Maryland Bar Bulletin
Publications : Bar Bulletin : October 2008


Saving money to pay for current and future medical expenses is not on most people’s “things to do” list despite a clear concern on the part of most people about the ability to pay for medical expenses not covered by insurance. One way to save for the medical expense rainy day is through a Health Savings Account (HSA).

For those unfamiliar with HSAs (and as a refresher for more experienced practitioners), here is a little background on HSAs. An HSA is an account, similar to an IRA, to which individuals under age 65 and/or employers may make annual tax-deductible contributions within specified limits. The earnings in the account grow on a tax-free basis, and, if used for qualified medical expenses, may be withdrawn on a tax-free basis. When an individual becomes Medicare-eligible, or in the event of death or disability, amounts in the account may be used for any purpose without incurring a tax penalty (although these amounts must be included in income).

In order to contribute to an HSA, an individual must be covered under a high deductible health plan, and may not participate in any other non-high deductible health plan, subject to certain exceptions.

HSAs commonly are funded by employer and employee contributions. The Tax Relief and Health Care Act of 2006 added new ways that contributions may be made to HSAs – by rolling over funds from a health flexible spending account (FSA), health reimbursement arrangement (HRA), IRA, or Roth IRA. There are special rules that must be followed to receive the favorable tax treatment afforded such rollovers. Those rules, however, are beyond the scope of this article.

There are several reasons that employers might want to permit the rollover to HSAs of unused balances in FSAs or HRAs. The first reason to permit the rollover is to ease the employee’s transition to a high deductible health plan (HDHP). Employers typically save a considerable amount of money on health insurance premiums by switching to HDHP coverage for employees from traditional lower deductible health coverage. HDHPs can be less attractive, however, to employees who have to pay more out of their own pockets for medical expenses. In addition, the transition to an HDHP can be difficult for employees with chronic or ongoing medical problems since they do not have the ability to build up a balance in their HSAs. Allowing an employee to rollover unused money from an FSA or HRA to the employee’s HSA would make money immediately available to the employee to pay for medical expenses that are incurred before the HDHP begins paying benefits. The immediate availability of funds rather than having to build up a balance in the HSA over time is likely to make the transition to an HDHP easier and more palatable for employees with ongoing medical expenses.

A second reason for employers who switch to HDHPs to permit such rollovers is to give employees who have not exhausted their FSA and HRA accounts the ability to use that money in the future. Generally, employees are going to have to give up FSAs or HRAs when an employer switches to an HDHP. Permitting a rollover of any balances remaining in an employee’s FSA or HSA rewards employees for past good medical care spending habits by ensuring that the unused money isn’t lost, but rather is available for future medical expenses.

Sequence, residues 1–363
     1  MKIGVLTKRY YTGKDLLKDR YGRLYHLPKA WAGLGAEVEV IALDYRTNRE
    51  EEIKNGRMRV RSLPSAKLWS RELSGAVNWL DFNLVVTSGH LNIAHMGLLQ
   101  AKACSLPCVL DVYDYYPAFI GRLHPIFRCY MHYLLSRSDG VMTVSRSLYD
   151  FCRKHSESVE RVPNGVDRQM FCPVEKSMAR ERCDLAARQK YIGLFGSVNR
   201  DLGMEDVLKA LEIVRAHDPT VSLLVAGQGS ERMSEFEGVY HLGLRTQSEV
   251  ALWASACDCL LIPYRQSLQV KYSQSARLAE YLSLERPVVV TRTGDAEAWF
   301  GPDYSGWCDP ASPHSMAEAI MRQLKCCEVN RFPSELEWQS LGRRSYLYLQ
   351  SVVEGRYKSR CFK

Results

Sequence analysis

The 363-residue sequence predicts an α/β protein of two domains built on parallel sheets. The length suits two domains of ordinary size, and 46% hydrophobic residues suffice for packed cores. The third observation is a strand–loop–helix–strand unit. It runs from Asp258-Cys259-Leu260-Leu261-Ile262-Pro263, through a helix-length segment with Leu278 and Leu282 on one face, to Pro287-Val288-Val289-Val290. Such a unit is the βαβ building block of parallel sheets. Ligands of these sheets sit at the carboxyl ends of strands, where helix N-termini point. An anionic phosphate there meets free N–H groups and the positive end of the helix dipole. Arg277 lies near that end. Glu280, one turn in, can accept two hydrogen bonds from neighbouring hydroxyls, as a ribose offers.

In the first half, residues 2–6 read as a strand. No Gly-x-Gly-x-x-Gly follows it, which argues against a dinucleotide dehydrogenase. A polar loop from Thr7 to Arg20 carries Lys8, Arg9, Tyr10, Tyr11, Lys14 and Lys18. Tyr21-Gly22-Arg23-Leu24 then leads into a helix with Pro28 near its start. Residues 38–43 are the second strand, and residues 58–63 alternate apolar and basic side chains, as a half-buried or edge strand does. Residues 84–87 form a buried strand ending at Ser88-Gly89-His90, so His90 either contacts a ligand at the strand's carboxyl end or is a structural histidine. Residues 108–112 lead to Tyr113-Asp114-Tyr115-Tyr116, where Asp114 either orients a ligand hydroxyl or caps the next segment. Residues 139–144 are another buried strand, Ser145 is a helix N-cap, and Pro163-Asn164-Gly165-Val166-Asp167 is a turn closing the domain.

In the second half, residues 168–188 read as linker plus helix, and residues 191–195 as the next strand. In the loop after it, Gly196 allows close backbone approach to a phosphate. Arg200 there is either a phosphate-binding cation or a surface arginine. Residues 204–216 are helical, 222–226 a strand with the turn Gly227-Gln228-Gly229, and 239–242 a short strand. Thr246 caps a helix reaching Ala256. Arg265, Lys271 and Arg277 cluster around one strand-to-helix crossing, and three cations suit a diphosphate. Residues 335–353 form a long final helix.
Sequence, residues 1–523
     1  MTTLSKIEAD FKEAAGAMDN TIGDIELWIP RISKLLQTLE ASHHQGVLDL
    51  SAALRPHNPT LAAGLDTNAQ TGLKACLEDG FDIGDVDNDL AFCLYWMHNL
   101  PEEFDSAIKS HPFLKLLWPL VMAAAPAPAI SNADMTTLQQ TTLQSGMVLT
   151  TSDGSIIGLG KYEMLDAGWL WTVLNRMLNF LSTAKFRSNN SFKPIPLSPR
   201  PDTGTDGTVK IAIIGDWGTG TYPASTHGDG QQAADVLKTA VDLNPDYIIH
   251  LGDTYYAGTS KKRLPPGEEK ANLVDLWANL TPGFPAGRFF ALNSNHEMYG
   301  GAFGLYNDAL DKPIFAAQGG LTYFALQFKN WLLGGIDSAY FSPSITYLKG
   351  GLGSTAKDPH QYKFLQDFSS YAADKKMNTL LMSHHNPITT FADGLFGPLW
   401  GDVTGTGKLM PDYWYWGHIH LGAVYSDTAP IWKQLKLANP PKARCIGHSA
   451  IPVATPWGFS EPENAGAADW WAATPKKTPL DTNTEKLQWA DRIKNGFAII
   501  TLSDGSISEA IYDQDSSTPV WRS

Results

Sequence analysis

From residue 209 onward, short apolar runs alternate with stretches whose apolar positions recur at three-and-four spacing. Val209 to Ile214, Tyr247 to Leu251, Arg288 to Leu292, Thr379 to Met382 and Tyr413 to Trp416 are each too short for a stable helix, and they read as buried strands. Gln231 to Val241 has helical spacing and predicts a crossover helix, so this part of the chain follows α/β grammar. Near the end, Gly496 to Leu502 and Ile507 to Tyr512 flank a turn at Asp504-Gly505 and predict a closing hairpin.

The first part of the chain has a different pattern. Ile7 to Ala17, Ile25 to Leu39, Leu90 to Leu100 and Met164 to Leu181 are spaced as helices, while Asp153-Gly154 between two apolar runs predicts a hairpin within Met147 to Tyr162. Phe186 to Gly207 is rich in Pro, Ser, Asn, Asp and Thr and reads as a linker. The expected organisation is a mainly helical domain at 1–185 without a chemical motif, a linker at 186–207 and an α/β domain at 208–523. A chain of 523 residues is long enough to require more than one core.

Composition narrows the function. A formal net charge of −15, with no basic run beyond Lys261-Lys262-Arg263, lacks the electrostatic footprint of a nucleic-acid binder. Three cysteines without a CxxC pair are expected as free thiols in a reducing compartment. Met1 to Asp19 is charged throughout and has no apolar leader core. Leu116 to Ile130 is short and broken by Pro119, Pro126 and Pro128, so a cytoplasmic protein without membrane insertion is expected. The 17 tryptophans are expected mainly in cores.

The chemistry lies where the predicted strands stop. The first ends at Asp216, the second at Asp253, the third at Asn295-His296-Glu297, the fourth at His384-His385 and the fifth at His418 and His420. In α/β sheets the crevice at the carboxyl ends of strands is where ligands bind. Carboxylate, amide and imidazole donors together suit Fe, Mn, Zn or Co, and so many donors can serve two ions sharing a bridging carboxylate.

A third reason is to encourage and support the growth of HSAs for the employee’s future medical expenses. Unlike FSAs, HSAs do not have a “use-it-or-lose-it” rule, so unused HSA account balances are carried forward at the end of a year. FSAs, by design, encourage employees to exhaust all funds in one year. HSAs, on the other hand, encourage individuals to accumulate funds and save for the medical expense rainy day rather than seeking reimbursement for all medical expenses including those that are quite small, such as co-payments. Additionally, unlike HRAs, HSAs belong to the individual and are portable because access to the funds in the HSA account is not tied to any employment relationship. Allowing employees to rollover funds from an FSA or HRA encourages employees to consume medical care wisely with long-term savings in mind.

Individuals are also now permitted a one-time tax-free distribution from an IRA or Roth IRA to the individual’s HSA. This rollover is particularly attractive because the individual will never be taxed on those rolled-over dollars as long as they are used to pay for qualified medical expenses. This result occurs because contributions to IRAs are deducted from income and distributions from HSAs that are used to pay for qualified medical expenses are not taxed. An IRA-to-HSA rollover would be attractive to an individual with adequate retirement savings or to an individual who anticipates a sizable upcoming medical expense.

Planning for future health care expenses is a task that all of us should undertake. HSAs are one option that allows individuals to save money in a tax-favored way for future and current medical expenses. Funding HSAs using rollover contributions is an attractive way to save for the medical expense rainy day in all of our futures.

Jenifer Cromwell is an associate at the employee benefits law firm of Groom Law Group, in Washington, DC, where she is a member of the Health and Welfare practice group.

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Publications : Bar Bulletin: October 2008

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